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Lodges of the American West (Repost - January 27, 2011)

by Bennett Owen

Gilbert Stanley Underwood

The name may not be instantly familiar but for anyone who has traveled the west, his legacy is. For he, more than any other visionary of the 20th century crafted a uniquely western brand of architecture whose grandeur derives from its perfect harmony with the most stunning natural landscapes the west has to offer.  Underwood designed many of his lodges in the 1920s and 30s as the Union Pacific Railroad sought to attract passengers on its western routes.  It was a romantic and luxurious era of train travel as Underwood’s UP terminal in Omaha attests…an art deco temple that is nothing short of sublime. 

But it’s his lodges that truly capture the imagination and symbolize the taming of the rugged western frontier. Nearly a century later, they draw us every bit as much as the natural wonders at their doorstep, having become an integral part of the landscapes they inhabit.  One has to wonder whether Yosemite would really be complete absent the Ahwahnee Hotel. 

Ahwahnee Hotel. Image courtesy of fortherock.

Would Old Faithful pale slightly without the magnificent lodge standing watch nearby?

Old Faithful Lodge Interior. Image courtesy of Seattle.Mushroamer.

Bryce Canyon, the Grand Canyon, Jackson Hole, the list goes on and on, in all a distinguished portfolio of greatness that has not only stood the test of time but become part of our national heritage.  In the coming days we’ll take a closer look at the legacy of Gilbert Stanley Underwood, starting with a structure you’ll rarely see in its “Shining,” Chateaux-like entirety…


Every workman on the job was thrilled by his work because he felt that his creative skill was becoming an integral part in a very significant whole…” Margery Hoffman Smith, Timberline Lodge, 1938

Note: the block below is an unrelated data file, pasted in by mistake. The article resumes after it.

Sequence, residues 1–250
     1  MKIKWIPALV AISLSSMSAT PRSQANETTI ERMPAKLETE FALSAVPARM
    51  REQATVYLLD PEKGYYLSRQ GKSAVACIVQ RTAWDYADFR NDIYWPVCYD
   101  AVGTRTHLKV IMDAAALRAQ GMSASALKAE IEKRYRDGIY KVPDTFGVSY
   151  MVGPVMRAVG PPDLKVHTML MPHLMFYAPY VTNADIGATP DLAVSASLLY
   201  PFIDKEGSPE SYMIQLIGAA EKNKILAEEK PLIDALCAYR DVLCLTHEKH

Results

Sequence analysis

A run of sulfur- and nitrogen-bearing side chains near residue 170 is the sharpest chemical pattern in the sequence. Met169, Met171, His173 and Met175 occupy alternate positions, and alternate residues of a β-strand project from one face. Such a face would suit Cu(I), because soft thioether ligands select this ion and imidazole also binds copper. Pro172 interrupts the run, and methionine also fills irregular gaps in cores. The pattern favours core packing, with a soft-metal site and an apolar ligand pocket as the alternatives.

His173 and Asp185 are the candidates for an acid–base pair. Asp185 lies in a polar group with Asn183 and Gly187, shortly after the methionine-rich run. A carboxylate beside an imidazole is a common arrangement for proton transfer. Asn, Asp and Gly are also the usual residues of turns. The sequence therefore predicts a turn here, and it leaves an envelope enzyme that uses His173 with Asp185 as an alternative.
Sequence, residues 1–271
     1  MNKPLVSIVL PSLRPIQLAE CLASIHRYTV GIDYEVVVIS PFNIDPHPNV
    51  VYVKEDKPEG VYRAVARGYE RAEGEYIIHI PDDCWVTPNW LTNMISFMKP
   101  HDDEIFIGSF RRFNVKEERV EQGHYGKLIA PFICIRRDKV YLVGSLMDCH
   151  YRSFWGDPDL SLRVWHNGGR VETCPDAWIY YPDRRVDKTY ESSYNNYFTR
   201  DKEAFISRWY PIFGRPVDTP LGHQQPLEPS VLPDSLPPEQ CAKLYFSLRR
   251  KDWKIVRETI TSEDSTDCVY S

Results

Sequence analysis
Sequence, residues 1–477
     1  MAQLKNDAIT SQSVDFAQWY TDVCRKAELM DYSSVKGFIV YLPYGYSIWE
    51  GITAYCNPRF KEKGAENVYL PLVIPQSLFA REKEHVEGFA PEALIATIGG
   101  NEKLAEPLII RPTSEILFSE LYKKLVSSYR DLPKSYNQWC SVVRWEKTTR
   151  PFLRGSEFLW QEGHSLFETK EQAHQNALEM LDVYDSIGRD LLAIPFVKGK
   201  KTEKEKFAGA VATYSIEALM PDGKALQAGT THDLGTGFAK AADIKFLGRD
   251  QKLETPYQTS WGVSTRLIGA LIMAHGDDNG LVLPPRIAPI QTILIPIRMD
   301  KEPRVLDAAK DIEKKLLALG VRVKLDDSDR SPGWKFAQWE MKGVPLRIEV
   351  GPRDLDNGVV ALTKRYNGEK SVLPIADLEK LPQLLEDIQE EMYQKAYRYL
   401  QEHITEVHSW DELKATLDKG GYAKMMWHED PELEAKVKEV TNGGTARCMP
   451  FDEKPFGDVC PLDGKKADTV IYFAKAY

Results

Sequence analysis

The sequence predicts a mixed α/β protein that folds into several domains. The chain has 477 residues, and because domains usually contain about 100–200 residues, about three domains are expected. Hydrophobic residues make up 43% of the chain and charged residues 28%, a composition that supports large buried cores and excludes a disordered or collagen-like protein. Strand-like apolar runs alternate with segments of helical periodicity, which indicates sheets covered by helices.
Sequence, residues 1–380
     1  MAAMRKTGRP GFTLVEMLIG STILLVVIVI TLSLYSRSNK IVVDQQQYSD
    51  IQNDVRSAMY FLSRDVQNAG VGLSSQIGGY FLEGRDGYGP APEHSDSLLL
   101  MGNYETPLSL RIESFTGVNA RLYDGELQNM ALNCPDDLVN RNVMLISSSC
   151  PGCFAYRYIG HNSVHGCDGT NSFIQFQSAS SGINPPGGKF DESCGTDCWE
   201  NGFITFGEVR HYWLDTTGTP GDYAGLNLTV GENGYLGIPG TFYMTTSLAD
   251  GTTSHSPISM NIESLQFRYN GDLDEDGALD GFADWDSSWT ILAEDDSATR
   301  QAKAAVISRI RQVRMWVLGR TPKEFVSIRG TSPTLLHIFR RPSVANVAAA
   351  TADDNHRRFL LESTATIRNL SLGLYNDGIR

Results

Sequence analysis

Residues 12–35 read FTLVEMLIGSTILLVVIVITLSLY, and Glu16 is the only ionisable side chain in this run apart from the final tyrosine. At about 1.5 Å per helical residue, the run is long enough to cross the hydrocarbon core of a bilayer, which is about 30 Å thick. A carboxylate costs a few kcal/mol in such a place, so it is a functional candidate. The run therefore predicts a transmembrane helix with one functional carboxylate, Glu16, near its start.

10 months out of the year it looks like this…

Timberline Lodge in the Snow. Image courtesy of H.L.I.T.

In summer, nature reveals it for a short while. 

Timberline Lodge in Summer. Photo courtesy of Gary Randall.

Though not the principle architect, Underwood laid the groundwork for this depression-era masterpiece, a WPA project destined to become the largest public structure in America built entirely by hand.  Constantly battling the elements, workers had to clear three feet of snow from the building site just to get started.  Construction began in June 1936 and FDR dedicated the lodge just 15 months later. 

Image courtesy of

The Lion’s share of WPA projects were infrastructure…dams, bridges and roads…so Timberline Lodge was a departure and the iron and woodworkers rose to the challenge, training their rough-hewn skills under the guidance of master artisans.

Seasoned Italian masons did the stonework… 

Entry Way to Timberline. Photo courtesy of Gary Randall.

Velkommen. Photo courtesy of Gary Randall.

And the imposing fireplace with six warmth-giving hearths is the very centerpiece of the lodge.

Timberline Panorama. Photo courtesy of Gary Randall.

One of the architects, WI “Tim” Turner, wrote, “The shape of the central lounge was inspired by the character and outline of the mountain peak. It was our hope not to detract from the great natural beauty of the area.”

The style has been described alternately as “Oregon Rustic” and “Cascadian.”

As for the interior, Margery Hoffman Smith was in charge of design, filling the lodge with hand-woven linens and seat coverings that reflected the mountain wildflowers, and woodcarvings and artwork with pioneer and Native American motifs.  

Northwest Window. Photo courtesy of Gary Randall.

Oregon Trail Oxen. Photo courtesy of Gary Randall.

Ram's Head. Photo courtesy of Gary Randall.

Stylized Iron Ram's Head. Photo courtesy of Gary Randall.

In the 70 years since, a small cadre of craftsman has maintained Timberline in keeping with the original vision.  Much is preserved…and some improvements have been necessary.

And here you can hear Timberline compared with the Taj Mahal…This is an advert for a book, Timberline Lodge: A Love Story - Diamond Jubilee Edition, with some nice shots and interesting archival footage. The book, by the way, was edited by Jon Tullis, with photographic and design contributions by Gary Randall, many of whose photographs you'll find on this page.

Yes, Timberline’s exterior was used as the Overlook Hotel in the movie The Shining … no, none of the scary bits were filmed inside. And still, the dreaded “Room 217” from Stephen King’s novel is the most requested room at Timberline. 

A final note.  Over 130 lives have been lost on Mount Hood in the past century, including one of America’s worst climbing disasters in 1986. Now that’s really scary.

For More Information:  
Friends of Timberline
Craft in America

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